Exploring Numbers and Counting | Activities | The Cat in the Hat | PBS PARENTS
Exploring Numbers And Counting

Does your child like to tell people how old he is? Sometimes he may even show his age by holding up a finger for each year. Your child’s age is one number he knows very well. For this reason, it is a great number to use in helping him understand what numbers are and the different ways in which you can represent them.

The Math Idea
Learning to count is something kids learn very early in life. Counting concrete objects one by one, and assigning just one number to each object as you count—known as one-to-one correspondence—is a little harder for kids to grasp, but is an important skill to learn. Kids also need to understand that numbers can be represented in many ways—as a numeral, as a word, as a group of objects, and even as an age. Kids as young as preschool-age can be introduced to the concept of operations, which is addition, subtraction, multiplication, and division.

Skills: Numbers and counting

Age Range: 3-6 year olds

What to Do
How Many Ways Old Are You?
Take It Further

Watch this video clip from "King Cecil the Seahorse" and learn about King Cecil, who takes his babies everywhere he goes.
Getting Ready

Ask your child to use his fingers to show you how old he is. For example, if he is seven years old, he may hold up five fingers on one hand and two on the other. Ask him to count his fingers one by one, saying, “I am 1-2-3-4-5-6-7 years old!” Then ask, “How many fingers did you hold up on one hand, and how many did you hold up on the other hand?” You are now introducing your child to the concept of addition, showing him that a number can be broken into two parts, in this case a “five” and a “two.”

How Many Ways Old Are You?

What You Need:
  • Pennies or other small objects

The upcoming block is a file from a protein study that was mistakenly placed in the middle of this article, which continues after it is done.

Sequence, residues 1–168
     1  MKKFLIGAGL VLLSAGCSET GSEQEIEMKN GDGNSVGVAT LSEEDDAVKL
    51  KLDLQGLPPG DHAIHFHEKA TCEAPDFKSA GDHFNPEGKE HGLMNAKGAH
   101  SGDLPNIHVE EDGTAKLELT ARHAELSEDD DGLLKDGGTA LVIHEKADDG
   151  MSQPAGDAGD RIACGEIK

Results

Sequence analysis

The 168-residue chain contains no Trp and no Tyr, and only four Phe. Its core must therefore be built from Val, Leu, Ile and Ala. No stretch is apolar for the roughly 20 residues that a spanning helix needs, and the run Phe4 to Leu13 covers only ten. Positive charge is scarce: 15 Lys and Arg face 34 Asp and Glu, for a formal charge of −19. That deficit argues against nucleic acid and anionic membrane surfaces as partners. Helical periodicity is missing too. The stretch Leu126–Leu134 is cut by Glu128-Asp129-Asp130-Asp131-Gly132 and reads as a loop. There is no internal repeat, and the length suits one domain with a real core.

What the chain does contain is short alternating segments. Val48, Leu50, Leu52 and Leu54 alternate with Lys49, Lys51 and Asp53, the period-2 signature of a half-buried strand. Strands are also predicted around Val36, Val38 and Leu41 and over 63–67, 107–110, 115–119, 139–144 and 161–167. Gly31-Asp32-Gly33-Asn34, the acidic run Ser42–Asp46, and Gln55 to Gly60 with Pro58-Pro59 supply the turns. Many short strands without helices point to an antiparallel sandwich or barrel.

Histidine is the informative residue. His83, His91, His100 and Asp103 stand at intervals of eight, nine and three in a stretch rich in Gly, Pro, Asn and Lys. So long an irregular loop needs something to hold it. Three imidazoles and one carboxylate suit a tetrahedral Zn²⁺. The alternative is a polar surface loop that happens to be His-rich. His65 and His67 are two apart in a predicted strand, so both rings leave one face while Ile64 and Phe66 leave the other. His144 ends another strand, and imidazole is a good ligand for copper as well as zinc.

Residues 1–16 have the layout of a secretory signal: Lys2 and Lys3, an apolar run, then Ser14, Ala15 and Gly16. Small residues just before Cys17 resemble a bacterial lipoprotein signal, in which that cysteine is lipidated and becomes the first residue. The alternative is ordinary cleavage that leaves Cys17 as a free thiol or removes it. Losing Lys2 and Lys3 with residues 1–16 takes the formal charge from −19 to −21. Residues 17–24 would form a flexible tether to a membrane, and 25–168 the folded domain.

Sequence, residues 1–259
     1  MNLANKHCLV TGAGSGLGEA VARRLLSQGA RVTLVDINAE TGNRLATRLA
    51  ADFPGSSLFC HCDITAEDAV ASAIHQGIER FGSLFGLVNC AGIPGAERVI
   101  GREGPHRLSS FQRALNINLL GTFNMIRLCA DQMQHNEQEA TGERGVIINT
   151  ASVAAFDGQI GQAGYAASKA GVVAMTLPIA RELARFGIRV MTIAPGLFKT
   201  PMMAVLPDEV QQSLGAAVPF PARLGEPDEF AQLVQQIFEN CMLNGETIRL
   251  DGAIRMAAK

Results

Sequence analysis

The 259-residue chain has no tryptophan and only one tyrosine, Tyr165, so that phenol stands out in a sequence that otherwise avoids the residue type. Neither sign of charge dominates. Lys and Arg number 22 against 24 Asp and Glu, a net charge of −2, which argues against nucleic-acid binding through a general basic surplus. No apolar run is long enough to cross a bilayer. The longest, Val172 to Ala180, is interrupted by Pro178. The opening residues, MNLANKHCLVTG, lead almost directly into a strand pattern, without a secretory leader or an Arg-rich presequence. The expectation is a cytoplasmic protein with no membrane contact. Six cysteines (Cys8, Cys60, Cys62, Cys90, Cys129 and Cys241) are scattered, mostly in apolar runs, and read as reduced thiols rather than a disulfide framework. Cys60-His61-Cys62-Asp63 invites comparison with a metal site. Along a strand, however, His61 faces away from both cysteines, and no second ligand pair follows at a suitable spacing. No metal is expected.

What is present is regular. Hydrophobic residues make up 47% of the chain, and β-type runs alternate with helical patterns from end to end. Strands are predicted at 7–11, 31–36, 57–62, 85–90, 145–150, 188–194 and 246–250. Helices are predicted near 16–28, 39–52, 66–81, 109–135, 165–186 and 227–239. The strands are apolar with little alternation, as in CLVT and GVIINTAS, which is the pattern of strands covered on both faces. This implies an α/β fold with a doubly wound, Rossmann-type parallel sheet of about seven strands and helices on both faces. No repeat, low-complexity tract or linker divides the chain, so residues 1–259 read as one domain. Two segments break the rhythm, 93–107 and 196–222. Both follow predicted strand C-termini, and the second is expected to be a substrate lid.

• Dice
  • Magazines
  • Paper

How to Do It:

Tell your child that, besides using his fingers, you are going to show him more ways to show his age. (The following activities continue using the age seven as an example, but you can substitute your child’s age.)

  1. Find seven objects of a particular color or shape. For example, seven square objects or seven red objects.

  2. Look for the number seven on objects inside or outside the house (e.g. on a clock, in a newspaper or magazine, a license plate, a road sign, etc.)

  3. Cut out seven objects from a magazine and paste them onto a piece of paper, and write the number seven next to them—both as a numeral and as a word.

  4. Count out seven pennies or other small objects.

  5. Divide a group of pennies into two groups that add up to seven (e.g., one group of four and one group of three). Ask your child, “How many other ways can you divide the group of pennies?”

  6. Roll a pair of dice and see how many times the two dice add up to seven.

  7. Go through a deck of cards with your child, and see how many combinations of cards will add up to seven.

  8. Ask your child, “Can you think of any other ways to show me your age?”

Take It Further

Ask your child how old he will be next year. How old will he be in another two years? How about in another three years? Help him figure this out by counting out the same number of pennies as his age. Then add a penny, add two pennies, and add three pennies. Each time you add a penny, ask your child to count the pennies.

More Ways to Discover and Learn

Look in a Book
Quack and Count by Keith Baker

12 Ways to Get to 11 by Eve Merriam; illustrated by Bernie Karlin

Rosie’s Walk by Pat Hutchins

Related Game

Play the Do You See My Seahorse? game on PBS KIDS

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